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Passe-Passe Bottles

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Passe-Passe Bottles is a classic stage illusion or platform magic transposition effect, in which a wine or whiskey bottle, and a stemmed glass or tumbler, magically and inexplicably exchange places under cover of two tubes at the hands of the performer.[1] A marvelous, classic illusion when performed well in a swiftly placed manner, and with an entertaining patter, the effect was used by performers as early as 1876.[1][2]

The Effect

Utilizing two tin or pasteboard cylindrical tubes, the performer places one of them over the bottle, and one over the glass. The performer commands the covered glass and bottle to "change places", and when the tubes are removed they are discovered to have been inexplicably transposed. This is repeated, with appropriate patter, as long as desired, and with the performer occasionally pouring wine or liquor out into another glass to show that the bottle is indeed genuine.[1]

The effect is most simply performed using the old pasteboard or thin-gauge tin tube sets, as the more modern heavier metal tube varieties require more dexterity, and extra moves by the performer, and even require reaching a finger into the top of the tube, when lifting one of the tubes away from the glass --- a move not required when using the older pasteboard or tin tubes, which can be grasped simply by using pressure on the outside of the tube.[3]

Modern Extensions of the Effect

Ad for Multiplying Bottles, an extension of the original Passe-Passe illusion, utilizing the same basic method to perform. - Genii, Vol. 17, 1961.

Around 1919, an extension of the effect, usually credited as having been created by Arthur P. Felsman in Chicago, added an extra bottle for comedy effect.[4]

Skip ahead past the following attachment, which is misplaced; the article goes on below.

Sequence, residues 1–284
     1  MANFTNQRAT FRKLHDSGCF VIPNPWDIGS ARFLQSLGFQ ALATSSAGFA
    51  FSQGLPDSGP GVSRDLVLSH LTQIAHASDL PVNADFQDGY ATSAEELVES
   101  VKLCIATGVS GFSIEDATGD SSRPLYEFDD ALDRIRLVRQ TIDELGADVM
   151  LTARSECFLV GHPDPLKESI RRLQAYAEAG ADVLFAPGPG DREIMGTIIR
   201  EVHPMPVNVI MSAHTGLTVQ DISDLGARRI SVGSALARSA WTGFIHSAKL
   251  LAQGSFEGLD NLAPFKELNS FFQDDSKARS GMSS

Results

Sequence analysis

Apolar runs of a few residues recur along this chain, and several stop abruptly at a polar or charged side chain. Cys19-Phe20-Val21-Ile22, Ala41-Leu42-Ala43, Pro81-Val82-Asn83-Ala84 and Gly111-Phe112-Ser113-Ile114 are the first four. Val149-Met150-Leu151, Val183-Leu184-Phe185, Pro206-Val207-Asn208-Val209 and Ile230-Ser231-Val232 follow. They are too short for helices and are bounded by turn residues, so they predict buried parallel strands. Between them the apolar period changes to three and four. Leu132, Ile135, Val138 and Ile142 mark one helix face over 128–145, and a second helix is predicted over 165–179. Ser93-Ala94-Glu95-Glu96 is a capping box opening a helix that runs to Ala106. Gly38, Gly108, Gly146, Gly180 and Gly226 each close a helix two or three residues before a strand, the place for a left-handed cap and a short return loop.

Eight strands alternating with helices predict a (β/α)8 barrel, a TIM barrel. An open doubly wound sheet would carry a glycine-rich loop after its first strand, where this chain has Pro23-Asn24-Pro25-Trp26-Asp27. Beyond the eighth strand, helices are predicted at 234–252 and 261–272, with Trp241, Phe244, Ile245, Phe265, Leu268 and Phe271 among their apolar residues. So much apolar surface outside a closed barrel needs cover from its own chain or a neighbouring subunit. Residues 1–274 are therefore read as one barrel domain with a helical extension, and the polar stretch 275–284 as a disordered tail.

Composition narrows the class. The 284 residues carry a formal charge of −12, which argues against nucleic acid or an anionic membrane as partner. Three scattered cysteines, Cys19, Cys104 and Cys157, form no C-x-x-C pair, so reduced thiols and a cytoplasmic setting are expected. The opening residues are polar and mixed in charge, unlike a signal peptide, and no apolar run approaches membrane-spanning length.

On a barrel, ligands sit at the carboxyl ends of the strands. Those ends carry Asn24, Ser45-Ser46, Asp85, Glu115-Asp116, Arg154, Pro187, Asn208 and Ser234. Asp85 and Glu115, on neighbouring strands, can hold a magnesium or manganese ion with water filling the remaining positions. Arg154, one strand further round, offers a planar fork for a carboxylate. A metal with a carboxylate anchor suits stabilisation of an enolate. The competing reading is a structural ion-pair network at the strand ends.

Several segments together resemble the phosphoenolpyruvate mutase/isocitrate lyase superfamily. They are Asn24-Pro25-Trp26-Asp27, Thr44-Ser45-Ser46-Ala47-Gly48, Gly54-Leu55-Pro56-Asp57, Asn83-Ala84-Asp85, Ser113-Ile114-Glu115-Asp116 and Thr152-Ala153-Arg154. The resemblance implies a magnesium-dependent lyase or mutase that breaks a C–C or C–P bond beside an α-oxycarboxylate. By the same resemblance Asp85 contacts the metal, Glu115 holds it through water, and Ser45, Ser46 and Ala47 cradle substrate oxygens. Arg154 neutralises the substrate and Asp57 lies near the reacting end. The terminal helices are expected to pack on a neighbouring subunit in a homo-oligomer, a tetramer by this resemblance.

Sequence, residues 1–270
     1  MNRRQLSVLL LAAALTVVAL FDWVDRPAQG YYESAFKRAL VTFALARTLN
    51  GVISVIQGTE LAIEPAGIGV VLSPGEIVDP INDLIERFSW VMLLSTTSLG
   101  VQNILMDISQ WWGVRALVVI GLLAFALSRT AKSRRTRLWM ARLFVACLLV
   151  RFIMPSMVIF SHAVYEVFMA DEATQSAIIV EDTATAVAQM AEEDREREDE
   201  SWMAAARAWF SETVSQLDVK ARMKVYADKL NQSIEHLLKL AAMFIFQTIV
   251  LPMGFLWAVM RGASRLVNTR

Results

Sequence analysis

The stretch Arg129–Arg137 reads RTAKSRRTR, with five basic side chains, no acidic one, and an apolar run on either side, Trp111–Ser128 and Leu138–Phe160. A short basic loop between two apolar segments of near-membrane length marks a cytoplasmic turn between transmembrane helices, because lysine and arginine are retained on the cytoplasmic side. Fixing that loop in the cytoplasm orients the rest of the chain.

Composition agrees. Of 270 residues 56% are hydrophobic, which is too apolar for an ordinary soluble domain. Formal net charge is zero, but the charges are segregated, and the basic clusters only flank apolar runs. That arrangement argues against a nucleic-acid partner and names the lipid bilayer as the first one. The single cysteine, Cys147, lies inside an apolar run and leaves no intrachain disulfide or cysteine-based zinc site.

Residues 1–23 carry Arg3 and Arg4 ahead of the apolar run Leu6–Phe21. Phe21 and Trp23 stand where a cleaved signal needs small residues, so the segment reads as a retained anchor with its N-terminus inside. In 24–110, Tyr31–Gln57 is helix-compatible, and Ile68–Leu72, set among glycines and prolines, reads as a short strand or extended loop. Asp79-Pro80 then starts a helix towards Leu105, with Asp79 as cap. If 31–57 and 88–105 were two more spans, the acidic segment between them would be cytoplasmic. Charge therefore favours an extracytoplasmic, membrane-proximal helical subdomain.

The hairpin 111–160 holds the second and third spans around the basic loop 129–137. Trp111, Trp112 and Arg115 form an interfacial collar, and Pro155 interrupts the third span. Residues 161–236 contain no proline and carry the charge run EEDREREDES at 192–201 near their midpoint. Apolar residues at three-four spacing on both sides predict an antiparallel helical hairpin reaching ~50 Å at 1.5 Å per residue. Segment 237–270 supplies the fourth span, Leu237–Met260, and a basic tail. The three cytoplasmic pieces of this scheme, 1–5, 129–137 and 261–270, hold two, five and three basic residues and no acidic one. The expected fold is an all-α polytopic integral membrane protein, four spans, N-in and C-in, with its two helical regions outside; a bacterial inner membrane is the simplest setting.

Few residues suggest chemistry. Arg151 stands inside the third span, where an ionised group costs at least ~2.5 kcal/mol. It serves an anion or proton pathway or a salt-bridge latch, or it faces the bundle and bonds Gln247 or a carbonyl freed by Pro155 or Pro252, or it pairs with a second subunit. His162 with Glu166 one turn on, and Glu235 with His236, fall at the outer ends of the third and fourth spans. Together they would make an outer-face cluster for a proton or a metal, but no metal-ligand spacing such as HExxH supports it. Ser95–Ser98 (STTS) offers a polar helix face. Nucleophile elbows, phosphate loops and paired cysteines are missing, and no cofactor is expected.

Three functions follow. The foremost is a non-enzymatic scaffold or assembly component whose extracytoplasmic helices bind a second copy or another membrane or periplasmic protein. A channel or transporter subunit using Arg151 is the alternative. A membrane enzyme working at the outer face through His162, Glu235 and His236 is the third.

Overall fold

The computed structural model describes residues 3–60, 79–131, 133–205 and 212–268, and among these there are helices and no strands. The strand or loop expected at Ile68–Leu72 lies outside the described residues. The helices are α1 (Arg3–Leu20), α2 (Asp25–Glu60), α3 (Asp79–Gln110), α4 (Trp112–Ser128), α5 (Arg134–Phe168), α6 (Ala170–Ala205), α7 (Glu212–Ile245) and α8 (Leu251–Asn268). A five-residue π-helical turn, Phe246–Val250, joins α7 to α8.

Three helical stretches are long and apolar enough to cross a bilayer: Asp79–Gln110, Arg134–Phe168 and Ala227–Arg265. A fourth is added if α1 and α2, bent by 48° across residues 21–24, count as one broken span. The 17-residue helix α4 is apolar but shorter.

And, in the 1920's, a further extension of the effect became the modern Multiplying Bottles routine.[5][6][7]

The Multiplying Bottles effect has been criticized by some performers as tending towards giving away the secret working of the simpler, classic Passe-Passe effect. This is by virtue of necessity of repeating essentially the same effect "multiple" times for working the multiplying illusion. This, of course, by definition violates the old cautionary maxim to "never repeat the same trick more than once!"[3]

Main article:

Multiplying Bottles

Varieties of Apparatus

Many past and present magic supply companies have produced a wide-ranging variety of different sets for the Passe-Passe and Multiplying Bottles effects. Generally, the 2-bottle sets are advertised as "Passe-Passe Bottles"; the 3-bottle varieties are referred to as "Comedy Passe Bottles" (which can also, of course, be used to perform the original effect by just not using the 3rd bottle); and the 8, 9, or 10-bottle sets are advertised as "Multiplying Bottles". There are also varieties, and kid show versions, that use everything from soda pop bottles to ketchup bottles in place of the traditional wine or whiskey bottles.[8]

The older antique and vintage sets are highly sought after, and have often commanded high prices on the collector's market.[3][8]

See also

  • "The Magic Organ Pipes", or "The Devil's Supper" ("Le Souper du Diable") - in Hoffman's Later Magic, p. 525.
    (Credited by Professor Hoffman to an amateur European magician named Antonio Molini, the "Devil's Supper" effect, that was being performed as early as the late 19th Century, utilizes a somewhat similar principle, or related performance method using tubes, as that employed in presenting the Passe-Passe effect.)


  1. 1.0 1.1 1.2 "Passe-Passe Trick", in Modern Magic, by Professor Hoffmann (1876).
  2. The Passe Passe Bottles, in Magic and Its Mysteries, by J. Dazley Theobald, 1880, p. 82.
  3. 3.0 3.1 3.2 Gingles, J. - "My Secret Hobby & Favorite Escapes (puns intended)", from Accidents of Luck - A Personal Memoir, Washington, DC, 2007.
  4. Felsman's Magical Review, Vol. 1, No. 2, Nov. 1919. -- In an ad in this 1919 issue, Felsman advertises the Passe-Passe Trick with the extra bottle for comedy effect, stating: "Supplied only by us and taking one week's time, as we make this trick 'to order only'."
  5. Jack Potter, Abracadabra, Vol. 63, 1976, p.16.
  6. Lloyd E. Jones in Genii 1978 July, Vol. 42, No. 7, page 424
  7. Genii Forums - "Origin of Multiplying Bottles".
  8. 8.0 8.1 Bill Hegbli, "Passe-Passe Bottles: Where to Buy", The Magic Cafe Forums, Jul 26, 2012.[[1]] Accessed 2015-07-20